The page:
How to deduct mortgage points on your tax return. Mortgage points and interest are one of the major itemized deductions available for taxpayers. This article shows you how you can take maximum advantage of these expenses.
It is fairly common knowledge that home mortgage interest is deductible, but knowing how to deduct the points that are paid can be tricky in some situations. Of course, for any points or interest to be deductible, the taxpayer must be able to itemize deductions and the mortgage must be for either the taxpayer's primary or secondary residence. Interest on other homes can also be deductible if they are used for rental or investment purposes, but this interest would be listed in either Schedules C or E.
In order for your points to be deductible, they must be considered prepaid interest and not a fee for services that are charged separately. Points that are paid for purchasing, building or improving your primary residence are fully deductible in the year that they are paid. Points that are paid for home equity loans are also fully deductible to the extent that the proceeds are used for actual home improvements. Points paid for home equity loans that are used for debt consolidation cannot be deducted. Points that are paid for the purchase or improvement of a second home are also deductible, but must be prorated over the life of the loan. If the seller of a house pays points, they are deductible for the home buyer, but the buyer must reduce the cost basis of the house by the amount of the points.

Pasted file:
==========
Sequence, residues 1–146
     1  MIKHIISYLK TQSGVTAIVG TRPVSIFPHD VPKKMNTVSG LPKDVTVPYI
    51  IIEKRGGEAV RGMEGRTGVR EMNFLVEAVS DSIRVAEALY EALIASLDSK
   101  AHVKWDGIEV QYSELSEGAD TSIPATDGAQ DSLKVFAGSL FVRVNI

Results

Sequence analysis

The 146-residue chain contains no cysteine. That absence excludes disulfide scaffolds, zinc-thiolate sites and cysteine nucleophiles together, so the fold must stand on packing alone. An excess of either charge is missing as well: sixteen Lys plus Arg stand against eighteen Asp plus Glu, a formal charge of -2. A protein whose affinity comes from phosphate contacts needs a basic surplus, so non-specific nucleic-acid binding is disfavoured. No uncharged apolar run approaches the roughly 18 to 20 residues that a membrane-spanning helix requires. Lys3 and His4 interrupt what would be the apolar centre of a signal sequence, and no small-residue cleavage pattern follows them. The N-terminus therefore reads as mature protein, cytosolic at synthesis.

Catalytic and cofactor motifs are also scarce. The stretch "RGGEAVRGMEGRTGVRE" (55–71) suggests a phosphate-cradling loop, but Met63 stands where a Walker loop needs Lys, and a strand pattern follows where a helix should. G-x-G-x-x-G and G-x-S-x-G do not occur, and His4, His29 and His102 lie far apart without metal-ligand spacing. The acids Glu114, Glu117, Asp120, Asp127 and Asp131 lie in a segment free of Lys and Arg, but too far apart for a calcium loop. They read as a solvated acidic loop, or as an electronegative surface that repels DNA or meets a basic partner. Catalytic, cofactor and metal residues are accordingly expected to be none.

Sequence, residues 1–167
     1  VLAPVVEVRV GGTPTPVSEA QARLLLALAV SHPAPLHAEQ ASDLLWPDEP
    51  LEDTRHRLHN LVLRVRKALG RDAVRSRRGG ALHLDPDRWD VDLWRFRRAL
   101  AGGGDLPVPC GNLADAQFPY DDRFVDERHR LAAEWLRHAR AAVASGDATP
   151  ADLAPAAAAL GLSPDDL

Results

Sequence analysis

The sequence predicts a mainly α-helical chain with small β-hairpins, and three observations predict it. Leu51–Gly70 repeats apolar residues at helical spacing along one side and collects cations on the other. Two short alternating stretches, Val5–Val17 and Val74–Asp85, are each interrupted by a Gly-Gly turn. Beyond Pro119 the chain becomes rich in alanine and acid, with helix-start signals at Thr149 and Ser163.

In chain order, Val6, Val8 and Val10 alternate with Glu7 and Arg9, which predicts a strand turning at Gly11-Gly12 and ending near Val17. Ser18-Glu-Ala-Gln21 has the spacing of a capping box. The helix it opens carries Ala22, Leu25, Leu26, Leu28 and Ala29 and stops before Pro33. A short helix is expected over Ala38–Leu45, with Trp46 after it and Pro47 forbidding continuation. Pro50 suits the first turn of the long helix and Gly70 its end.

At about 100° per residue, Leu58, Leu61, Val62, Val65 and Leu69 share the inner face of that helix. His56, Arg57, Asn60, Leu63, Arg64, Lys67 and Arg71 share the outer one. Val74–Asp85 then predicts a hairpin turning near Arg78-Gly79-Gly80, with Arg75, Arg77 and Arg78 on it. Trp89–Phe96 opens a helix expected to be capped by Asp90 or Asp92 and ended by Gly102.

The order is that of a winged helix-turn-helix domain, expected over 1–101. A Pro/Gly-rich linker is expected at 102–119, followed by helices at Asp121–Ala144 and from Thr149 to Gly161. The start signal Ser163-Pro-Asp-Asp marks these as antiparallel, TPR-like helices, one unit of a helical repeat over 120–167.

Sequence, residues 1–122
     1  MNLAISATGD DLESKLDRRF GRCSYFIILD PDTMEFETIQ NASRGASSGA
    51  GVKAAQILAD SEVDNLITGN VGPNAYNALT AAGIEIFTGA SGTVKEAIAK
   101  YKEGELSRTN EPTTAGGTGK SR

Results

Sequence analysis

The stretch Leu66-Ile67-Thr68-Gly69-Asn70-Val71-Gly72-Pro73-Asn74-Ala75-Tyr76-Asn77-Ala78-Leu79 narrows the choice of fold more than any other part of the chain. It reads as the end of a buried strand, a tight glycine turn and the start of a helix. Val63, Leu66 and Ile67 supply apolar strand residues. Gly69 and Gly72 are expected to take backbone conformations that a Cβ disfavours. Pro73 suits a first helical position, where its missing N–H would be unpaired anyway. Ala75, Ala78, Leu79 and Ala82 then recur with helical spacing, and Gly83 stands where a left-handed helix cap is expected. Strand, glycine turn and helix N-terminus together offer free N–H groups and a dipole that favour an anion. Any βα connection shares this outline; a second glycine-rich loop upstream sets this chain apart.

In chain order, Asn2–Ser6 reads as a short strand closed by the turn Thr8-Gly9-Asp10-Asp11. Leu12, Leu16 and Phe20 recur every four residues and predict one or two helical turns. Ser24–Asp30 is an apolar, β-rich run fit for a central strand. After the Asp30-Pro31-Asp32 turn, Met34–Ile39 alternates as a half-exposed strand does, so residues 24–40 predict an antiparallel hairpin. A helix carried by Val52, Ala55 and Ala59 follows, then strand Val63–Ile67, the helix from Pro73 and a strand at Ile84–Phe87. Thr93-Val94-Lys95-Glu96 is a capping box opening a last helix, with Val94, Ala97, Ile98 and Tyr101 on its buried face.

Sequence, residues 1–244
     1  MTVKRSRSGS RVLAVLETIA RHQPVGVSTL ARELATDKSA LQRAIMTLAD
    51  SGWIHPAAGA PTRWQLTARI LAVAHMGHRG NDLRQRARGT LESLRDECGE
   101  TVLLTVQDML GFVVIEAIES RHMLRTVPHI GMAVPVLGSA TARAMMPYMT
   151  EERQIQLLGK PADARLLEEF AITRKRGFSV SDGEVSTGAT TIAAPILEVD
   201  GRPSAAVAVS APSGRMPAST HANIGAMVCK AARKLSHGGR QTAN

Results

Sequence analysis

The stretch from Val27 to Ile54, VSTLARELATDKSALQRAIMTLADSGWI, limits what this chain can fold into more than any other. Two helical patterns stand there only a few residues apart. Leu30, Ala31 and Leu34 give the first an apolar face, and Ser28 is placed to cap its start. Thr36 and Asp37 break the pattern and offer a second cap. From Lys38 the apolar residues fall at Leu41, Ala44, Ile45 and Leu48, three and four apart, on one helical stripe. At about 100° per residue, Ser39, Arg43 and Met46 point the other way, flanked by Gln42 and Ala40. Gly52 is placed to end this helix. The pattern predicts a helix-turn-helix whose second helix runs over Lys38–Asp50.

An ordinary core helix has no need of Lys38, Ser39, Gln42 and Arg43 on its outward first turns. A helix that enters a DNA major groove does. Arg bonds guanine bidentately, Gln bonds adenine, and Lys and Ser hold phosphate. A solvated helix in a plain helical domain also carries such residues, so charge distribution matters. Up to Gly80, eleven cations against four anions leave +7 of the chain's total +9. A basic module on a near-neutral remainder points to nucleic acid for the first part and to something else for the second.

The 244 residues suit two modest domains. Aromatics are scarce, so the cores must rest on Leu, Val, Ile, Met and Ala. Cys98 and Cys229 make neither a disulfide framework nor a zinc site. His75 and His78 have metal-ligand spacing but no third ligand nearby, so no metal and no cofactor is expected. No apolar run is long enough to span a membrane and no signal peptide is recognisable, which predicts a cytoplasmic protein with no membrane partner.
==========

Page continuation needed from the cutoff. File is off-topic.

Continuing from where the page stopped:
Points that you pay for refinancing your mortgage must always be prorated over the life of the loan. For example, if you pay $3,000 of points when you refinance in order to buy down your rate, then you can deduct $100 of points each year for a 30-year loan or $200 for a 15 year note. However, if you refinanced and paid the same amount of points as in the previous example and then refinanced again two years later, then you will be able to deduct all remaining points paid in the previous loan in the year of your second refinancing. Therefore, if you initially refinanced to a 30-year loan and deducted $100 for the first two years, then you can deduct the remaining $2,800 when you refinance again.
As with all itemized deductions, points paid are deducted on Schedule A. The rules for deducting points are outlined in the IRS instructions for Schedule A on page 7. To access these instructions, visit the IRS website at irs.gov, type "Schedule A" into the search bar and select the instructions link on the following page.
If you purchased a home in the past year and your standard deduction still exceeds your itemized deductions after totalling points and interest, then you can opt to amortize your points paid over the life of the loan instead, thus allowing you to deduct a prorated portion of your points paid starting in the second year of your loan (assuming, of course, that you are able to itemize deductions the next year).
This article is intended to be purely educational and should not be construed as specific tax advice. For further information on this subject, visit the IRS website at irs.gov (see Resources below) or consult your tax advisor.
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